Chinese Reporters Walk Out
Reporters at a newspaper known for covering sensitive topics walked off the job after their editor was removed this week amid efforts to tighten press controls, employees said Friday.
The informal strike at the Beijing News was highly unusual for China’s entirely state-controlled media. It reflected tensions between communist leaders and media outlets, which have pushed the limits of official tolerance in recent years, sometimes drawing punishment for aggressive reporting on corruption and other politically sensitive issues.
Reporters stopped filing articles Thursday after the removal of editor Yang Bin, employees contacted by phone said. On Friday, the tabloid was 32 pages, compared with more than 80 on a typical day.
“Most of the 400 reporters and editors are unhappy about Yang Bin leaving,” said a reporter who asked not to be identified. “We don’t know how many high-level officials might leave their post.”
It wasn’t clear how many reporters took part in the protest or how long it might last.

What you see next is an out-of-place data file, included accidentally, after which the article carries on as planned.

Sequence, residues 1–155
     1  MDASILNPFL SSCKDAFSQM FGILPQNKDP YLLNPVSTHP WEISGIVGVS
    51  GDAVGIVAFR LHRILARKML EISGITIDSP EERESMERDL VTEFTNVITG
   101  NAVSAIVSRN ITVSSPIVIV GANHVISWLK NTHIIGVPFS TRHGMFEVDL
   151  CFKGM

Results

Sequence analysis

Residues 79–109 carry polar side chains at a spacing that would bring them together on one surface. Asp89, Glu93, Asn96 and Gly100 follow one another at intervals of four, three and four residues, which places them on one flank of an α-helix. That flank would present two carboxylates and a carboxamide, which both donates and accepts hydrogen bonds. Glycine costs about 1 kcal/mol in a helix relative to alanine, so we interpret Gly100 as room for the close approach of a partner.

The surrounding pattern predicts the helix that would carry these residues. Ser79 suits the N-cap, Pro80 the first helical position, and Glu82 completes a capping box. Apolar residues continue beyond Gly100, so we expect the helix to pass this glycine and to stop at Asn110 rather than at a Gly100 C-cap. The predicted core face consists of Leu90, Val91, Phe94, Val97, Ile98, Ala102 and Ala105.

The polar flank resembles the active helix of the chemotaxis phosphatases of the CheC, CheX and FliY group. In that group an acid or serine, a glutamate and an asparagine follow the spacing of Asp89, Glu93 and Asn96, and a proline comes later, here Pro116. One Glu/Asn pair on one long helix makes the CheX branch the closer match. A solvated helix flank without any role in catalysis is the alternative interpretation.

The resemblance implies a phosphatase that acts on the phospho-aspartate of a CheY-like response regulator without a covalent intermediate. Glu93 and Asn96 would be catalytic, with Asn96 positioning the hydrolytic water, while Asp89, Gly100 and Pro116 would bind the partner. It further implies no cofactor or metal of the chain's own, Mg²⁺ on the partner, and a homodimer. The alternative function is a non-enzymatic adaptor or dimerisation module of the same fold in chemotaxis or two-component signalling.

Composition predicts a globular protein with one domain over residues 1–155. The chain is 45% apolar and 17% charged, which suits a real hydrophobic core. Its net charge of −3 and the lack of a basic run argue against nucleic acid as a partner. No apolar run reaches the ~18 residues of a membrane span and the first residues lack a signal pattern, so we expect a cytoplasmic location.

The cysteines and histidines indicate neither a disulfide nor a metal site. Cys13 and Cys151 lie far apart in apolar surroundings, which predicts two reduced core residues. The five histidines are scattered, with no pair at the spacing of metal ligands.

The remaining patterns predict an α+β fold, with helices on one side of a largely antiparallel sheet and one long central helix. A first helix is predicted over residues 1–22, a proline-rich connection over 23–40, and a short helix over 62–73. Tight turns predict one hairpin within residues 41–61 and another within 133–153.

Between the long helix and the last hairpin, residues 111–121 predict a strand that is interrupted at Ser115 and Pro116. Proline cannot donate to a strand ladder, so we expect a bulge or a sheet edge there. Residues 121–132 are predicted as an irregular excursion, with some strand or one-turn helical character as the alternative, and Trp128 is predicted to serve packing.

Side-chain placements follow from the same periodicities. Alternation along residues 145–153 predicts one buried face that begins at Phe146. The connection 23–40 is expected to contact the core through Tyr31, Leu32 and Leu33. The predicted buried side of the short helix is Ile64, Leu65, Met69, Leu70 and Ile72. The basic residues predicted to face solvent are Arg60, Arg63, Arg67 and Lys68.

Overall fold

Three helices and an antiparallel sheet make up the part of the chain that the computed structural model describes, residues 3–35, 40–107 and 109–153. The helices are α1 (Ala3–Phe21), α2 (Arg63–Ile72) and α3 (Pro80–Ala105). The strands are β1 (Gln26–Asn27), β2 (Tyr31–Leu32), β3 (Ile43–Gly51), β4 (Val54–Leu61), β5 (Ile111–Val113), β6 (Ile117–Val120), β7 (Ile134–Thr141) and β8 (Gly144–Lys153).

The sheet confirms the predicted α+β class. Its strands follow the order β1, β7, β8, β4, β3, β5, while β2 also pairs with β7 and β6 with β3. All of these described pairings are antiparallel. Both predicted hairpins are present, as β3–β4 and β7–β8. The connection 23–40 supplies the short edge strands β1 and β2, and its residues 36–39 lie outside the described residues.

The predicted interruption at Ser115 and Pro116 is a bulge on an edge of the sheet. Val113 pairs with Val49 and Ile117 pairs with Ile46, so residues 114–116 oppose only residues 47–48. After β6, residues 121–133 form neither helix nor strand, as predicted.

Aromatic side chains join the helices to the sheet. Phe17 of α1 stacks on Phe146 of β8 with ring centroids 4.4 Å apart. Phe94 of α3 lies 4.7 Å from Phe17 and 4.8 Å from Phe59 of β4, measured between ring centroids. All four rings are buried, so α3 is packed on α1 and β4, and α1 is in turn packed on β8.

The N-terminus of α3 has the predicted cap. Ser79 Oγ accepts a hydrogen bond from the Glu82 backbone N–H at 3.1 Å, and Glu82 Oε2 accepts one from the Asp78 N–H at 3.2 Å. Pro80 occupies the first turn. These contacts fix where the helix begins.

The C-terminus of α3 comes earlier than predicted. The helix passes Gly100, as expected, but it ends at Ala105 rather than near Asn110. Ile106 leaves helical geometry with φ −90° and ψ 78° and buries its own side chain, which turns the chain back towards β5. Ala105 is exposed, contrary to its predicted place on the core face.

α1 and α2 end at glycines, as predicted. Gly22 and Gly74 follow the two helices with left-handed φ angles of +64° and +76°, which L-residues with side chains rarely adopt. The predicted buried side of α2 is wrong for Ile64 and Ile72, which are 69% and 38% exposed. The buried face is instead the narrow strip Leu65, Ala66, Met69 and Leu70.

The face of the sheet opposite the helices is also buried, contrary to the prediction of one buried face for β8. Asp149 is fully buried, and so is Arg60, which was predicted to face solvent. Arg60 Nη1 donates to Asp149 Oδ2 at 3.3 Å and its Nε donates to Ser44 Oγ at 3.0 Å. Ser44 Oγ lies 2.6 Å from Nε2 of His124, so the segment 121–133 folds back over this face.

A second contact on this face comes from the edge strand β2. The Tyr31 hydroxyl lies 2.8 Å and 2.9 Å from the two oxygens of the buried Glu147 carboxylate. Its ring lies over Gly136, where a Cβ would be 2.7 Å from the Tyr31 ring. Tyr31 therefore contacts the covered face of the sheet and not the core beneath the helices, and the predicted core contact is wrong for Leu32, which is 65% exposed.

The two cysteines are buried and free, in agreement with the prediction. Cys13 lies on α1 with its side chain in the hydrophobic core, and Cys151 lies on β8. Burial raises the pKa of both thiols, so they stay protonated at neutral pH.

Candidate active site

Employees said they didn’t know why Yang was removed. But the Beijing News is audacious even by the standards of a new wave of Chinese newspapers that compete for readers with stories on scandals and other previously forbidden topics.
A spokesman for the Beijing News denied that there was any protest.
“Everything here is normal,” said the spokesman, who would give only his surname, Luo.
Chinese media have been given limited autonomy in an effort to reduce their need for subsidies by letting them compete commercially. Editors are expected to work within censorship guidelines on specific stories, but are free to make their own decisions on other matters.
But the government has recently forced the removal of respected editors who angered officials by reporting on graft and other issues.